Early Life and the 1916 Rising:
Born in 1899 at Rathduffmore, near Knockananna, Co. Wicklow, Tom Kehoe was the eldest son of Simon Keogh and Julia McDonnell, nee O’Toole, widow of the late Michael McDonnell. Until 1914, Tom attended Rathmeigue National School where he showed exceptional ability. Aged 14 years he left home to work in Dublin on the Great Northern Railway where he appears to have been employed as an apprentice fitter. In Dublin he lived with his half brother Mick McDonnell, under whose influence, he was to join the 2nd Battalion, Dublin Brigade Irish Volunteers in 1915, and during the Easter Rising Tom served alongside Mick McDonnell with garrison at Jacob’s Factory. Following the surrender, he was held at Richmond Barracks, where in the gymnasium, men were picked out for the British execution squads by detectives from “G” Division of the Dublin Metropolitan Police. Those not selected for execution were either sentenced or interned. On Wednesday 26th May 1916, the British Military announced that after fully investigating their cases, a list of 206 prisoners were to be released, among this group was Tom Keogh. Of this list, other names stand out, such as Sean Lemass, who would progress to be an Irish Taoiseach, also Vinny Byrne and Jimmy Conroy both to later serve alongside Tom Keogh in The Squad.
War of Independence
Early in 1917, Tom set up an ordnance factory under the cover of a bicycle shop in Aungier Street. There with a lathe and mandrel he manufactured weapons and hand-grenades. Later on he was involved in setting up a similar operation in Parnell Street, this time adding a small foundry where grenades were cast, including the famous “Number 9” and the “GHQ” Grenade”. With Matt Furlong from Wexford, he established a workshop in Luke Street, where they developed mortars. In 1919 Michael Collins took over an intelligence structure already operating under Eamonn Duggan. He soon put it on a new and different footing. The Main members of Collins’ intelligence staff were, Liam Tobin, Tom Cullen, Frank Thornton, and his right-hand man, Joe O’Reilly. On May Day 1919, Mick McDonnell, Dick McKee, Sean Russell and Collins selected a group of volunteers, for the purpose of establishing a Special Services Unit for the sole purpose of executing police touts, spies and British agents.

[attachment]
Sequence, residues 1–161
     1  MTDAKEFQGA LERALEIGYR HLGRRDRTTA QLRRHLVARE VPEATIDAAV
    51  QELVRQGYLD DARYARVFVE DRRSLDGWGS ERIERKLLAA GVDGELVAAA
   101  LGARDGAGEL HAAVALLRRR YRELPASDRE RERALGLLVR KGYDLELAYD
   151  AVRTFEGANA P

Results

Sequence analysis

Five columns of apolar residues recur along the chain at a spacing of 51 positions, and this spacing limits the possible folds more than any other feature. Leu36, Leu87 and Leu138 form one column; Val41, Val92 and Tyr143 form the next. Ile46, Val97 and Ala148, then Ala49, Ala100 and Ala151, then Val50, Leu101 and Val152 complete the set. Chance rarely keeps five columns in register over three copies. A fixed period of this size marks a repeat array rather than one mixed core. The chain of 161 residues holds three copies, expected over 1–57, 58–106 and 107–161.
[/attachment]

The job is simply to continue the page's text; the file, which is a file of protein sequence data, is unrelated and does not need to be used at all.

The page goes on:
Operating directly under the direction of the Intelligence Department, this unit was known initially as The Squad and later “The Twelve Apostles”. Among the first selected for membership of The Squad was Tom Kehoe, who during the War of Independence would be directly involved in carrying out most of the executions carried out by that unit.
The Squads first execution was that of Detective Sergeant Patrick “The Dog” Smith of G Division, shot down close to his home in Drumcondra, on 30th July 1919; other executions of key members of G Division such as that of Detective Dan Hoey on 12th September 1919 and Commissioner William Forbes Redmond, on 21st January 1920, swiftly followed. From then on they carried out a series of ruthless killings striking terror into the heart of the British establishment. On 19th December 1919, they upped the ante when under the command of Mick McDonnell. Squad members including Tom Kehoe, supported by senior members of the 3rd Tipperary Brigade, were involved in the unsuccessful ambush at Ashtown on the Viceroy, Lord French. The British authorities appointed the Resident Magistrate, Alan Bell to investigate this attack. By March 1920 Alan Bell held a senior position with the Secret Service at Dublin Castle, where he sat on a sub-rosa committee co-ordinating intelligence. Along with this he also held public inquiries into the origins and locations of the funds collected in the Dail Loan. One of the principle people involved in tracing Alan Bell, was Tom Kehoe. On his bicycle, he traced him from his home in Monkstown on the morning of his execution. Cycling behind the tram car that carried Ball into Dublin, Kehoe overtook the tram at Ailsbury Road and waved a handkerchief to the waiting Squad to signal his presence on the tram. Disabled, the tram halted beside the RDS, where Bell was dragged to the side walk, and executed by Mick McDonnell and other members of the Squad.
On the morning of Bloody Sunday 21 November 1920, the Dublin Brigade IRA carried out one of the most successful operations of the War of Independence. The British Secret Service operation in Ireland was decimated when 13 senior intelligence officers were executed and the remainder fled to Dublin Castle.